On the morning of the second day, we went to Waffle House. (Actually, we went there for breakfast every day, but that's another story.) And when Ben was done with his waffles and Trudy was done with her fried eggs and grits and I was done with my cheesy eggs and pork chops, we got up to pay the bill.
You heard, didn't you?
Four people were seated next to the cash register, and they all had VIP badges hanging from their necks just as we did. They were looking up at us with serious expressions on their faces.
You heard that they scrubbed the launch, didn't you? said the woman closest to us.
We hadn't heard, and frankly we weren't willing to take their word for it. We had come this far, and it was hard to imagine how we'd kick ourselves if we took their word for it and it turned out to be wrong. So we thanked them but drove to the visitor's center anyway, where we were promptly informed that the launch had been scrubbed.
Although the rain from the night before was gone and the sky was a cloudless blue, the cold front had hit Baltimore hard, and the science center was running on backup power. You don't launch when your systems are already running on backup power. So they scrubbed. And we got a day off.
Leaving the world of rockets and interplanetary spacecraft, we spent the day at the Merritt Island National Wildlife Refuge. As it turned out, we ended up being rushed for time and only got part of the afternoon, but that also is another story. In any event, our afternoon there was time well spent. We checked out a pair of 7x binoculars from the ranger station and took a long, slow driving tour along a dirt road thru the mud flats and hammocks of the refuge.
You should have seen us when we came across two Roseate Spoonbills.
There they were standing in shallow water sweeping their bills back and forth thru the water, periodically tossing their heads back in the air. The sunlight was dancing on the ripples of water stirred up by the wind, and it illuminated the birds in a way no words or picture can capture.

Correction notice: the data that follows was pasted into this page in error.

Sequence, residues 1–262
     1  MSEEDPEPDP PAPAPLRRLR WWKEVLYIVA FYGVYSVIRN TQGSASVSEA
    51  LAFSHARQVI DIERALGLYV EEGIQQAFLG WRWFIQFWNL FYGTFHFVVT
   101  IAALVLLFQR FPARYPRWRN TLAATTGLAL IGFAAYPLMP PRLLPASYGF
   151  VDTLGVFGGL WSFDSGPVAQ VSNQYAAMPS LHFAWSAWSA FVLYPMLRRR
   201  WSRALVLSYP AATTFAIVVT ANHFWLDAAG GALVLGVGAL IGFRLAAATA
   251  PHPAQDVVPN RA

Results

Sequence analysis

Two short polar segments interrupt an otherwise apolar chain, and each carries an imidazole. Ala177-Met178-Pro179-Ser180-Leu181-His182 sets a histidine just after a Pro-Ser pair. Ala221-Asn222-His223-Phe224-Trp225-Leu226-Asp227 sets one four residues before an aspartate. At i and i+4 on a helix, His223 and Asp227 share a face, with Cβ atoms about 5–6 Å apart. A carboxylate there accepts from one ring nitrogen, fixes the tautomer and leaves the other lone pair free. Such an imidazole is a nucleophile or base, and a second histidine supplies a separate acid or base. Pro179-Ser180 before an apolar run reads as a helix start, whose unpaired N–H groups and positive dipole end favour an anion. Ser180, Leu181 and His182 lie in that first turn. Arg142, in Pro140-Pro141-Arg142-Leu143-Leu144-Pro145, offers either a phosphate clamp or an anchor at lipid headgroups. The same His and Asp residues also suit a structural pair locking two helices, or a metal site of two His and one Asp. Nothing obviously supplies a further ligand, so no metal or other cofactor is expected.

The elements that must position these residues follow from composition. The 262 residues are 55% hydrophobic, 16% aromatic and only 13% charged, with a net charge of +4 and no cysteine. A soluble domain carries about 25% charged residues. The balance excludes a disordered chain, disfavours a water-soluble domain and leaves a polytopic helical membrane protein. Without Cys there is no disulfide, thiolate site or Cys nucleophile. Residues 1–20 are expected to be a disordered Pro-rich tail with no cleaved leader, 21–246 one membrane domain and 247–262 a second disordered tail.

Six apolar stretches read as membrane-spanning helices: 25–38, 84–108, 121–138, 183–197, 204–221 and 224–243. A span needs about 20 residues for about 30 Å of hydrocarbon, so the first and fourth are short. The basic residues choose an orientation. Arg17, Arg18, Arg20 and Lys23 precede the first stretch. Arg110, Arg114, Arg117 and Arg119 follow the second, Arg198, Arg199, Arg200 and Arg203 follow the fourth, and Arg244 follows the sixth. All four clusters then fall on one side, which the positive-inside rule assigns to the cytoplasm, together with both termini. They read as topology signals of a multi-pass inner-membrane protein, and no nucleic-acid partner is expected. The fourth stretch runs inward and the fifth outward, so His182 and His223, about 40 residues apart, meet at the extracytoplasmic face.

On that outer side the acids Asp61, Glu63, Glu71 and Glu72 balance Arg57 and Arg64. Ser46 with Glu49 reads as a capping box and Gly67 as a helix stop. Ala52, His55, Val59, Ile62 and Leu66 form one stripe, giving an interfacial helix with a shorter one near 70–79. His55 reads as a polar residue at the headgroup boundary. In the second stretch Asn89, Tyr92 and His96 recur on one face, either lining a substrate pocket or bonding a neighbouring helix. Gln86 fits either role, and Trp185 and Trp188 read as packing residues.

The pink of their plumage was a gentle pastel. A dark streak of fuchsia ran down their sides. And sometimes when they turned their tails to the wind, the breeze ruffled their feathers and the sunlight shined thru, making them glow in the afternoon light.
Left and right, left and right, they worked their greenish bills thru the water, oblivious to our presence only 30 yards away. And it's not like we were being subtle; we were plastered to the windows. Ben was snapping pictures as Trudy and I at first gawked in silence, and then began offering photo advice.
Take that picture.
Take a picture now!
From the outside, we must have been a sight to see, although the Spoonbills didn't especially seem to care.
Behind the Spoonbills, there were black Koots with white beaks. And there were Brown Pelicans flying in formation overhead and landing in the tidewaters. There were Great Blue Herons and Green Herons and Tricolored Herons. And there were Cattle Egrets and Snowy Egrets. There were White Ibis. There were Ospreys flying overhead and Ospreys perched on poles and limbs. And there was a Bald Eagle nest large enough for a double bed in a pine tree far in the distance.
But the Spoonbills. It was the Spoonbills who slew us on that afternoon in the tidewaters.
And we plan to go back someday.
Merritt Island National Wildlife Refuge, Florida
11:52:50 PM permalink:  feedback: comments: